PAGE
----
In 1972, NASA announced the development of the Space Shuttle, Mark Spitz won seven Olympic gold medals, and Serbian stewardess Vesna Vulovic set a world record by surviving a 33,330-foot fall without a parachute. Seriously. You can look it up. It was also the year that my parents got divorced.
Now that I’m older, I kind of see my mother as that flight attendant, free-falling over six miles through the sky and expecting to land on her feet. Amazingly, even though her chances of survival were slim, Mom’s, I mean Vulovic’s record stands to this day.
Not only did Mom end up perpendicular to the ground, she dusted herself off, got a job, and learned the intricate moves of life as a single mother. Quite simply, at a time and in a world where she was supposed to go completely under, she flourished.
Remarried by the time I was five, we left Atlanta, where generations of our family lived, and moved to Louisville, where I ultimately grew up. Back then, fathers didn’t have the same parenting rights that they do today, so with a brand new puppy under one arm and a pack of candy cigarettes in my hand, I waved goodbye to my old dad as my new dad’s sleek, silver Thunderbird rolled down the driveway, through Tennessee (“See Rock City!”), and into a new life.
Over a number of short years, I went from calling my stepfather “Dougie” to “Daddy Dougie” to just plain “Dad.” This wasn’t meant in any way as a slight to my first dad, rather, more of a natural progression of the way things were. From my point of view, I now not only had one, but two fathers, which also meant back-to-back Christmas celebrations, double birthday presents, and the obligatory “just because” gift of the month whenever Dad-Dad came to visit from Georgia. From the perspective of a ten-year old, having two dads was pretty great.
Except when May came and it was time to sign up for swim team. Every spring I was registered, and thereby known to all of my summertime friends, as my warm-weather alias, Stacie Logan. Logan was the last name shared by my mother, Daddy Dougie, and now three-year old little brother. I was the only Whitten in the house, and for all I knew, the entire state of Kentucky.
It’s not that I disliked my pseudo-last name, it just felt kind of strange to be called something else. Like I was pretending to be somebody I wasn’t. But there didn’t appear to be any other fractured families in my neighborhood, and I kind of got that it was easier on everyone not to have to explain why I was different.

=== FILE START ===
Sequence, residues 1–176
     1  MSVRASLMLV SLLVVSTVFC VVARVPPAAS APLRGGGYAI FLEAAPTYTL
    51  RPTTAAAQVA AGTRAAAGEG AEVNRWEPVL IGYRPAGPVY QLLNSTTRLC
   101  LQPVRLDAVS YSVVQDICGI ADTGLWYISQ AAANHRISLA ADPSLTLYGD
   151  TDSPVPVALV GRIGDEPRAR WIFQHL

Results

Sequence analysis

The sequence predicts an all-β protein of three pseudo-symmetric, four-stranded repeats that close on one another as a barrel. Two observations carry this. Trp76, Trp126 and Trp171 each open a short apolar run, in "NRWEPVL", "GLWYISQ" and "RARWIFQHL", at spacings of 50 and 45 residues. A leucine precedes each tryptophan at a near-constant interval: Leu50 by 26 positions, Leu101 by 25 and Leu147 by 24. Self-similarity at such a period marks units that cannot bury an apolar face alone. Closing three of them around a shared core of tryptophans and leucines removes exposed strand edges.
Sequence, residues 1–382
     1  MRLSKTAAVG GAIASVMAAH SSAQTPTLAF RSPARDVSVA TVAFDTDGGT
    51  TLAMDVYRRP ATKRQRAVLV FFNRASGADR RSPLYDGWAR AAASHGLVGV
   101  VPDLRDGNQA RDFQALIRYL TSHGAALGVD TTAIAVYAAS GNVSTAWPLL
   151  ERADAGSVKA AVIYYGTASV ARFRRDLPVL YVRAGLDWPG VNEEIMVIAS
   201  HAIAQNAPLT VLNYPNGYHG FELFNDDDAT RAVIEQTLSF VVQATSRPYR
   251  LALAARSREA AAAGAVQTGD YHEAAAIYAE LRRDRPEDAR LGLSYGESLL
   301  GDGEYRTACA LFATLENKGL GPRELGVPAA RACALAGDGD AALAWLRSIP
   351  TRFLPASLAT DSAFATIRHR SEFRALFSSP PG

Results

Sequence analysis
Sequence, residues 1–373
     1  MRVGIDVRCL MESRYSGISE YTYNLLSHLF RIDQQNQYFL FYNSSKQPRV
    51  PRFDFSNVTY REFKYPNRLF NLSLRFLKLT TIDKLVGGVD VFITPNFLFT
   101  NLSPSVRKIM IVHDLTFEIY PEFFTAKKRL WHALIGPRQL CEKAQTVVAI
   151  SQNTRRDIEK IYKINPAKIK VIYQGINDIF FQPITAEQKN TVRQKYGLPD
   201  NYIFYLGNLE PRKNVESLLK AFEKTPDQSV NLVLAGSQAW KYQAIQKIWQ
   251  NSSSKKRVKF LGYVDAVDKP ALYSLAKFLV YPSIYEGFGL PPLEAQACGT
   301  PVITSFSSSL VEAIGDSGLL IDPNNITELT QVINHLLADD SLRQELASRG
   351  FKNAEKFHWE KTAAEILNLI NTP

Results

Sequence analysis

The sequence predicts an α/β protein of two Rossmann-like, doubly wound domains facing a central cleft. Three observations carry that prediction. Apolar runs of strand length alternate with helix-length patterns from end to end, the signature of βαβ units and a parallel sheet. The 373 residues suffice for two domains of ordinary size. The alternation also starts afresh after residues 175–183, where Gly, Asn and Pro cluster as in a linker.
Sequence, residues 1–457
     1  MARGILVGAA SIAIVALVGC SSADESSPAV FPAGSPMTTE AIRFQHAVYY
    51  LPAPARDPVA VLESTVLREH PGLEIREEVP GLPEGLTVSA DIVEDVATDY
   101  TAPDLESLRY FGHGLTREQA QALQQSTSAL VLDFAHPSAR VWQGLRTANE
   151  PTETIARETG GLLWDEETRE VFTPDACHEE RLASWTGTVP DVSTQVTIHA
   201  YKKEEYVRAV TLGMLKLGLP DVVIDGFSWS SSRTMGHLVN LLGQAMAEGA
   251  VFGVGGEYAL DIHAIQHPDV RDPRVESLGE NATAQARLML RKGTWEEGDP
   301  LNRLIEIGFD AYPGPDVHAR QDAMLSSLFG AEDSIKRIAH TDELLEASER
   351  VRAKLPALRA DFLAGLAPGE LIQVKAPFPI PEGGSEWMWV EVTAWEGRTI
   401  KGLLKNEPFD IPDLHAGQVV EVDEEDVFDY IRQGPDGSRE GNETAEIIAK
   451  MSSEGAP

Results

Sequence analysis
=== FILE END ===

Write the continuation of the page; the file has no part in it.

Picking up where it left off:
As luck would have it though, there was a small percentage of kids from the pool who fed into the neighborhood school, and when fall rolled around each year, more than a few of my swim team peers overlapped and spilled into the hallways between classes.
With logic that only a ten year-old possesses and years of trying to avoid explaining my two last names under my belt, I walked into class on the first day of 5th grade with the whole thing mapped out. Literally. I stayed up half the night before drawing an intricate Venn diagram that described my life as I wanted it to be seen. In case anyone asked, I had proof that I was who I said I was. According to me.
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Channeling Kate from Charlie’s Angels (because I had brown hair, and nobody wanted to be Sabrina, like ever), I became a high-level spy…a black belt…a Secret Agent. It was smart, no, necessary (for reasons that I can’t go into here because you don’t have the required clearance), that I go by an alias in the summer and my real last name the rest of the year.
I needed to protect the innocent, namely, me.
I toggled so fluently between my two last names from season to season that I secretly called myself “superlax” and slid smoothly down Jane Hite Elementary’s halls trying to stay out of everyone’s way. I was small, painfully shy, and wanted nothing more than to go completely unnoticed.
But life often has a different plan than the one so carefully plotted, and it was in home room where the wheels immediately fell off the cart and my secret was once again exposed. Remember, home room was organized alphabetically by last name, an annoying detail that spelled disaster for me year after year.
“You’re weird,” the kid on the other side of the aisle stated unemotionally as we made shrinky dinks to bake in home ec and hang on the bulletin board outside our classroom.
“Ummmm, excuse me?” I whispered, trying my best to mold myself into the shape of my desk and disappear.